Perrysburg discusses Prospect Street erosion

PERRYSBURG – More than 90 families may be affected if erosion on Prospect Street continues. Mark Alianello, engineer with Alianello Engineering, gave an update to Perrysburg Town Board members about issues with the road at their monthly meeting.

Alianello said the Seneca Nation of Indians is “very concerned” with the erosion caused by water along the bank. Those families, which include some from the SNI, would be facing a 17-mile detour if the road were to close. If the road continues in its current condition, a lane might have to close.

“The Seneca Nation of Indians is very concerned. We’ve been out and looked at it. … There is a possibility there is money available (for repairs),” he said.

According to Alianello, the SNI has funding available through the Emergency Relief for Federally Owned Roads funding left over from the 2009 floods. Alianello said there is about $1 million available and the SNI has to ask permission from ERFO, which is administered through the Bureau of Indians, to utilize the money.

“The good thing about it is it’s 100 percent grant,” Alianello said.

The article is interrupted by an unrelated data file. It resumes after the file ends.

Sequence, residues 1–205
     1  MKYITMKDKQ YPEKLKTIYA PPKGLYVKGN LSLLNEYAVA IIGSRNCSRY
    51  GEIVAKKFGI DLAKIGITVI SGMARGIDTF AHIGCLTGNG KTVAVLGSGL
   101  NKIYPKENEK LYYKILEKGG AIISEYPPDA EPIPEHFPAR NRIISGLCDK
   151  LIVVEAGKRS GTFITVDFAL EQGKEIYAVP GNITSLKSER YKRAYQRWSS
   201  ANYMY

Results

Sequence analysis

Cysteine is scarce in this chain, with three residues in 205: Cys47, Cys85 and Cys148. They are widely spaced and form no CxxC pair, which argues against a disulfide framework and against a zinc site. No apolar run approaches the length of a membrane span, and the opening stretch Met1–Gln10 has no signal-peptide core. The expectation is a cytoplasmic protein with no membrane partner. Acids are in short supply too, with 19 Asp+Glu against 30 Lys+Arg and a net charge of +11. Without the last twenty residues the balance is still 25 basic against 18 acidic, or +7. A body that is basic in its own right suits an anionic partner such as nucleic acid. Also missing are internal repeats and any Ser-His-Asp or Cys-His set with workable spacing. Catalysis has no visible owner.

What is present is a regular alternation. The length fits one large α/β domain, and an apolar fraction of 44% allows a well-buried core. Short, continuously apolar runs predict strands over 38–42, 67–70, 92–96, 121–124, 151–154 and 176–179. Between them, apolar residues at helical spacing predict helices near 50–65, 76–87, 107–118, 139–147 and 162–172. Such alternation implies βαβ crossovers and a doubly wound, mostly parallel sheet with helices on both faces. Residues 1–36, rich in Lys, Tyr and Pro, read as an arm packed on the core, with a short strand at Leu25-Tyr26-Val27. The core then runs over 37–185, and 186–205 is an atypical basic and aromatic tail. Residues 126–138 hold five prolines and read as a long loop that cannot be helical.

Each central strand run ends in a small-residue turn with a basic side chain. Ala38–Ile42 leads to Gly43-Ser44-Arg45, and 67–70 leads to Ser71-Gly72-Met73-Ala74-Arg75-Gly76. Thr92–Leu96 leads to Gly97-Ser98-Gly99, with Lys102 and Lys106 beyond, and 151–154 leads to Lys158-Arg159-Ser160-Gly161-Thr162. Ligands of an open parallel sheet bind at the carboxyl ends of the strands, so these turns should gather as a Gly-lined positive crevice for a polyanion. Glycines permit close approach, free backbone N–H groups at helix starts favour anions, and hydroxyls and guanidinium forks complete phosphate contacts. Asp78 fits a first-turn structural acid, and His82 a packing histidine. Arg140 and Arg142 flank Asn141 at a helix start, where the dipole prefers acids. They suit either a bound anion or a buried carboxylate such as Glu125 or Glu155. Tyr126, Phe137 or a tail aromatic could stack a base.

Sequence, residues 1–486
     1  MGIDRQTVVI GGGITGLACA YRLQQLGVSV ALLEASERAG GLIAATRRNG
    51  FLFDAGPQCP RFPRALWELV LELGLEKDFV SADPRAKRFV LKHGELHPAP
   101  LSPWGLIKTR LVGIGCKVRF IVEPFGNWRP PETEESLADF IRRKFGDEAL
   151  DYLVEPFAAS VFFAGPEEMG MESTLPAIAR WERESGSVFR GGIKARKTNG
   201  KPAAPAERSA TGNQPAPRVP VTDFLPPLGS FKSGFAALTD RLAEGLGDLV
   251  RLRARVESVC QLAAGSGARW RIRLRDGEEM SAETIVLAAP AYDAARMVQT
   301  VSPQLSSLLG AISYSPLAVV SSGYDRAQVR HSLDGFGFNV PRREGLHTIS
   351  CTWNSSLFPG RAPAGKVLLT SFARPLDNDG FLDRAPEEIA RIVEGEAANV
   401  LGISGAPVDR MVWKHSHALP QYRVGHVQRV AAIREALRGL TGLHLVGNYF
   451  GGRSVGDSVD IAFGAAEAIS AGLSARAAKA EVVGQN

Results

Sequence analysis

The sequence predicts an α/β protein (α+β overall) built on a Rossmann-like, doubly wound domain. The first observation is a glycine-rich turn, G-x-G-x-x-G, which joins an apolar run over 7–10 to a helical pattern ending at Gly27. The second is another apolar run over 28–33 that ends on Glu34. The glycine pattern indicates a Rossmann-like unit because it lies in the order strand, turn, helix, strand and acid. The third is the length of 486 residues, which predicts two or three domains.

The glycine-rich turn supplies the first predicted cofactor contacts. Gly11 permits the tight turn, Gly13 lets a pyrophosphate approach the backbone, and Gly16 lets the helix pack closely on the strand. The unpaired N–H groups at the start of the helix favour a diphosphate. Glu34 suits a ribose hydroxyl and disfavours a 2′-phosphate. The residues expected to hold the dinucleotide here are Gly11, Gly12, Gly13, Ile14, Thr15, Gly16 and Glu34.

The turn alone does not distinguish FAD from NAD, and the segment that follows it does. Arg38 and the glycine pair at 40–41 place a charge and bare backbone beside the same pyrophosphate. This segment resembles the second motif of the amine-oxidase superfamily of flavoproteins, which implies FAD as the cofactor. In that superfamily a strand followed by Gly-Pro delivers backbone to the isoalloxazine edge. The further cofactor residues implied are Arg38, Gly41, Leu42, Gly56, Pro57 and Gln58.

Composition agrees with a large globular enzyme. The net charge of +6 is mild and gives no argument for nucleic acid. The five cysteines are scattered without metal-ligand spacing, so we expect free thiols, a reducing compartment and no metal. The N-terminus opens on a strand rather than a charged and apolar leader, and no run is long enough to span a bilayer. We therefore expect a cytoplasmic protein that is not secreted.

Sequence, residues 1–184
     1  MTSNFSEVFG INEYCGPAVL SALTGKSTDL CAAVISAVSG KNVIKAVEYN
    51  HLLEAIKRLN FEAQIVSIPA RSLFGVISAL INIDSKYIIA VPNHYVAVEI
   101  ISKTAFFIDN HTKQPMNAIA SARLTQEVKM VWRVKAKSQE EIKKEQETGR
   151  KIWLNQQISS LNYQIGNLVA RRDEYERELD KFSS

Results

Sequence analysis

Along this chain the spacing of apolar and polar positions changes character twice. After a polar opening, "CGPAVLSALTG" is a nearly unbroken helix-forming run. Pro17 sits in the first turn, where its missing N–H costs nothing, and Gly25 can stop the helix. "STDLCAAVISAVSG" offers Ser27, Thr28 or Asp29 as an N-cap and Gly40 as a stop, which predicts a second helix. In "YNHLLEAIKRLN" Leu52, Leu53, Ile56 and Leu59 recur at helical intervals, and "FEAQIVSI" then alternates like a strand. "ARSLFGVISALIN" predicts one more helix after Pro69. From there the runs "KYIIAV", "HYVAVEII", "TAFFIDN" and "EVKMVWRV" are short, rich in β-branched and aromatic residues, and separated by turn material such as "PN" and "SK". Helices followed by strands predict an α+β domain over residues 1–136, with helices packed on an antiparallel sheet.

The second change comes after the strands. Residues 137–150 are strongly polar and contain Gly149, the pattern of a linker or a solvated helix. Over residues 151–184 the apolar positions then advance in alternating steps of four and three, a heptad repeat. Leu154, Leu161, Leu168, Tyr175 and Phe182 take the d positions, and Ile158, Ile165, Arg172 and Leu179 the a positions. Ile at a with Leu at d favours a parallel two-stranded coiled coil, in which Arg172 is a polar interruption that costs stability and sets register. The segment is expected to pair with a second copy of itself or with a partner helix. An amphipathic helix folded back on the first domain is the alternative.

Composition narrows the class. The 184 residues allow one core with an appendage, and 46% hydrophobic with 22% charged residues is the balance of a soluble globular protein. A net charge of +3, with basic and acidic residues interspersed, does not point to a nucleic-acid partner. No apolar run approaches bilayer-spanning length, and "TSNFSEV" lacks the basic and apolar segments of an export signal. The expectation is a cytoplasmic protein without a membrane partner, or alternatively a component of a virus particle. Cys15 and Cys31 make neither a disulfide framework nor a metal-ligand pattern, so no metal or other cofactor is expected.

If the SNI were to receive approval for the project, the funds have to be expended by the end of its fiscal year on Sept. 30.

Alianello said the project will have to be on a strict schedule, but acquiring the proper permits could take several months. There also might be funding opportunities through grants if the SNI funding were to be denied.

“The Seneca Nation of Indians has the money, they just need to get authorization to use it. Come September 30, they need to give it back,” said Alianello. “There’s a very good chance it could come through, but can’t guarantee it.”

The project will stabilize the bank and use the water’s natural flow and energy to redirect the stream away from the bank. Before the project can start, land surveys and soil samples need to be taken, and project designs will be submitted to the Department of Environmental Conservation.

According to Alianello, the SNI would like the town to pay for this preliminary work at a cost of $40,000. Members of the town board asked if the ERFO funding were to fall through, if the town would be wasting money. Supervisor Dennis Stopen said the preliminary work would have to be done either way. Alianello said even if the funding does not come through, the road has to be repaired; he does not think the road will last through the spring thaw.

“The smartest thing is to do the preliminary studies,” Stopen said.

The town board approved paying for the preliminary studies out of the highway fund. Alianello said hopefully by the end of the month there will be word if the SNI funding was approved through ERFO.

Comments on this article may be sent to